The team that represents western New York, and is beloved in parts of Canada, the Buffalo Bills have struggled in recent seasons. They haven’t made the playoffs since 1999, the last season in a decade that brought the franchise many of its greatest moments.
Despite the playoff drought, the Bills have won 2 League Championships (AFL), 4 AFC Championships, 10 Division Championships, and made the playoffs 17 times in their 55 season history. Even without a Super Bowl championship in four consecutive tries, outside of the fan bases of the teams they lost to, those Bills teams may be remembered more because of their perseverance and persistence to continue in pursuit of their goal.
Who ever said “no one remembers who came in second” must’ve said that before the Buffalo Bills of the 1990s. The players on those teams are all-time greats and were even celebrated in a recent documentary. And I’ll do the same, because a few of the key members on those Bills of the 90’s make the cut for my version of the BIlls Mount Rushmore.
- No owners, unless they were also coaches, and their place on this list is based on their contributions as coach. No General Managers or Personnel executives. Just those who directly affected the games on Sunday. I will make a separate list for those contributors soon.
- Key contributors to the team’s history and success, not just fan favorites or box office draws.
- Can you tell the franchise’s story without them? If no, they’re on the list.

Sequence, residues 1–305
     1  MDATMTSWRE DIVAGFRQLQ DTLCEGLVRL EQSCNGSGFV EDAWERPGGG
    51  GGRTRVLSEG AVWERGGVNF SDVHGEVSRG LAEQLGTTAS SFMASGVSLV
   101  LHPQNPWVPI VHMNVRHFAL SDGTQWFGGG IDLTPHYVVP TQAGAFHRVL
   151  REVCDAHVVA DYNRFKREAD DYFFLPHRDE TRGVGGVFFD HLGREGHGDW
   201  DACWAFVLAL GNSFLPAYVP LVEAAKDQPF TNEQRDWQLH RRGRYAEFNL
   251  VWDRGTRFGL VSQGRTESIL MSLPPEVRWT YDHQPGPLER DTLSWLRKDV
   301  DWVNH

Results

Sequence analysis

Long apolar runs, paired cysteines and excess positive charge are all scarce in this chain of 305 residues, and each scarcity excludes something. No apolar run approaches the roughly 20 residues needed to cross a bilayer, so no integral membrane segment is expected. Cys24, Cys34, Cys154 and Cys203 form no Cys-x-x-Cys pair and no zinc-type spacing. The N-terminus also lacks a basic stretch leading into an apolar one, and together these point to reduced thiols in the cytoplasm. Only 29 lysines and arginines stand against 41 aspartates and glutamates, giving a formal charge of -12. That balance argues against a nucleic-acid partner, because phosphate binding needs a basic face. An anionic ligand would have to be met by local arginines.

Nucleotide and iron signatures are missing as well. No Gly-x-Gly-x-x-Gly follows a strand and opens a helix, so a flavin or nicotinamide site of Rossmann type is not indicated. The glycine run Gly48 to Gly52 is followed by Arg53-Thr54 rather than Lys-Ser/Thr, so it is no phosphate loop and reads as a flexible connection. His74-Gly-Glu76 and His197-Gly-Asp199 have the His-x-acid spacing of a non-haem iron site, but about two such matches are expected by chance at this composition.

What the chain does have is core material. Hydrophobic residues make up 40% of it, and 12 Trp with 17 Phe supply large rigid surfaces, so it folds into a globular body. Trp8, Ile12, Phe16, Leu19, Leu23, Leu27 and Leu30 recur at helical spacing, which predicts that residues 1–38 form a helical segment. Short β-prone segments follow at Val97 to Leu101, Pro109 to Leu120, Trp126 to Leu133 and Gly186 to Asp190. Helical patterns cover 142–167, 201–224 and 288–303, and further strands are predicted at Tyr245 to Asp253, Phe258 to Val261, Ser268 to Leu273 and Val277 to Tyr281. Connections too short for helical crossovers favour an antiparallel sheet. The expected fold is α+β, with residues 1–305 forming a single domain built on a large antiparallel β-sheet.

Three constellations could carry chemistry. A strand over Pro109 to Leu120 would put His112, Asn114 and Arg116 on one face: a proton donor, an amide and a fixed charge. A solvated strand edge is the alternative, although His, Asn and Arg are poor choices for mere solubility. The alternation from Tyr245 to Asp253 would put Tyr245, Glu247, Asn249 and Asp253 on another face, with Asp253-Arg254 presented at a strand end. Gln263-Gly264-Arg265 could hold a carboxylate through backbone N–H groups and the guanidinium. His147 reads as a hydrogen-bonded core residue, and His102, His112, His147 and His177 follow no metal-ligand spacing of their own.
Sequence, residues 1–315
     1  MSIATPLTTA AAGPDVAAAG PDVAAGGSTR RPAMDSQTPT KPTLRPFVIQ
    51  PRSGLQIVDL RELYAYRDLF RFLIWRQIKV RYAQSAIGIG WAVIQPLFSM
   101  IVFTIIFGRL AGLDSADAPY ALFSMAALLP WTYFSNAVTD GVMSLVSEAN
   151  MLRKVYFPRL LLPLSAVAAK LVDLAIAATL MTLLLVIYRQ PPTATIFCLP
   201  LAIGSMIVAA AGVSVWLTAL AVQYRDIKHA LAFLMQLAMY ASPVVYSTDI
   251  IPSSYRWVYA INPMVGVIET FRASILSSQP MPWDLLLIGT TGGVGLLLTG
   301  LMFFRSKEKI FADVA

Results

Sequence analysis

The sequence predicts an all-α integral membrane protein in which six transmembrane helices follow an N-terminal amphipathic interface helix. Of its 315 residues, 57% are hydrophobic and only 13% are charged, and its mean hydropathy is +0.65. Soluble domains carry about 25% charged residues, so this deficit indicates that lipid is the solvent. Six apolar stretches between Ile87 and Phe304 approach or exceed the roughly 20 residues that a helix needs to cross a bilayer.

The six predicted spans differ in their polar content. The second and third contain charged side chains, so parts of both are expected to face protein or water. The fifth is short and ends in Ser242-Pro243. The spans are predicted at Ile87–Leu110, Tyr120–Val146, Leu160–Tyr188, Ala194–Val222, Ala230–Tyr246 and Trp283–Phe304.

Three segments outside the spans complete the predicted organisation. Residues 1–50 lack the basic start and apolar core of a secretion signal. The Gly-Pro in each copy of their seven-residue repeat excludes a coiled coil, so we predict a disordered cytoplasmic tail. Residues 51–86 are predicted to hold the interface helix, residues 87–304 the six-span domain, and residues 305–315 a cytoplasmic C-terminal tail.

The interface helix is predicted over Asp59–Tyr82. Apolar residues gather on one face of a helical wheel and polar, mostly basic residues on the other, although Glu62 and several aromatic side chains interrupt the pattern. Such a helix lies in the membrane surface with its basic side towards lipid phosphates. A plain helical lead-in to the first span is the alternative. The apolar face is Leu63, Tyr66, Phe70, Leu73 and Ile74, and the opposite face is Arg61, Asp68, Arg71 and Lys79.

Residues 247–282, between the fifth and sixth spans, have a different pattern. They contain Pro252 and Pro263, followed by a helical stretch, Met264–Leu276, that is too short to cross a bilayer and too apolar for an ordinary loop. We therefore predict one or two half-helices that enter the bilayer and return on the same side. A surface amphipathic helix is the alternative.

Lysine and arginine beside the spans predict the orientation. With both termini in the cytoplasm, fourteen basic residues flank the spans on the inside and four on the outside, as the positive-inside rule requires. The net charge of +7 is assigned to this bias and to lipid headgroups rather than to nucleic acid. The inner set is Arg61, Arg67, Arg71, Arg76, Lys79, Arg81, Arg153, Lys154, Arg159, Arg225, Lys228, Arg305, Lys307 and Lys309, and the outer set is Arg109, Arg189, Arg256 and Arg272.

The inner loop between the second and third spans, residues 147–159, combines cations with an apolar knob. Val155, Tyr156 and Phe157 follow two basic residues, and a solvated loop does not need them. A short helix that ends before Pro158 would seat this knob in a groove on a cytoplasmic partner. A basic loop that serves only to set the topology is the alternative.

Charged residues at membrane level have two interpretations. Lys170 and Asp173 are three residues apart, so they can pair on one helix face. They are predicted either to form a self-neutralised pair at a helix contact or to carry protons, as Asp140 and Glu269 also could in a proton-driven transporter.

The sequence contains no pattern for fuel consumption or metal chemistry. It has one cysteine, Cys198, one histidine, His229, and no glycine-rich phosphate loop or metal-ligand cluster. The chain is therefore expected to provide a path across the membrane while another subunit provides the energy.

Bruce Smith (1985-1999) The 2008 Bills Wall of Fame and 2009 Pro Football Hall of Fame enshrine finished his time in western New York with a franchise record 171 sacks and 941 tackles which puts him in 2nd place in team history. Smith was an 11-time Pro Bowler, 9-time 1st-team All-Pro, 2-time 2nd-team All-Pro, 2-time AP Defensive Player of the Year (1990, 1996), 4-time UPI AFC Defensive Player of the Year (1987,1988,1990,1996), 3-time Pro Football Writers Association Defensive Player of the Year (1990, 1993, 1996), 2-time NEA Defensive Player of the Year (1990, 1993), and a member of the NFL’s 1980’s and 1990’s All-Decade team. The Team will officially retire his jersey (#78) this season, making him only the second player to receive this honor.
Jim Kelly (1986-1996) is the first player in team history to have his jersey number retired (#12). Kelly was a 5-time Pro Bowler, 1991 1st-team All-Pro, 1992 2nd-team All-Pro, 4-time AFC Champion and the Bills all-time career leader in wins (101), passing yards(35,467), passing touchdowns (237), pass attempts (4,779) and completions (2,874). He’s currently the last QB to lead the franchise to a playoff win. He was inducted into the Pro Football Hall of Fame in 2002 and the Bills Wall of Fame in 2001.
Marv Levy (1986-1997;GM 2006-2007) Coached the Bills to 4 consecutive AFC Championship titles. In 1988 and 1993 he was awarded the United Press International NFL Coach of the Year award. His 112 career wins is the most in Bills team history. He’s a member of the NFL’s 1990’s All-Decade team and was inducted into the Buffalo Bills Wall of Fame in 1996.
Thurman Thomas (1988-1999) with all due respect to O.J. Simpson–the Bills first ever Pro Football Hall of Fame enshrine (1980)–is the more complete running back and was a key member of their 4-time AFC Championship teams. Thomas was a 2-time 1st-team All-Pro, 3-time 2nd-team All-Pro, and 5-time Pro Bowler and led the NFL in yards from scrimmage from 1989 to 1992. The Bills all-time leader in rushing yards (11,938), rushing touchdowns (65) and rush attempts (2,849) is a member of the NFL’s 1990’s All-Decade team, and a 2005 inductee into the Bills Wall of Fame and Pro Football Hall of Fame in 2007.
So there it is. Let me know what you think Bills Mafia. Should Hall of Famers Andre Reed and O.J. Simpson be on the list? Or did I get it right?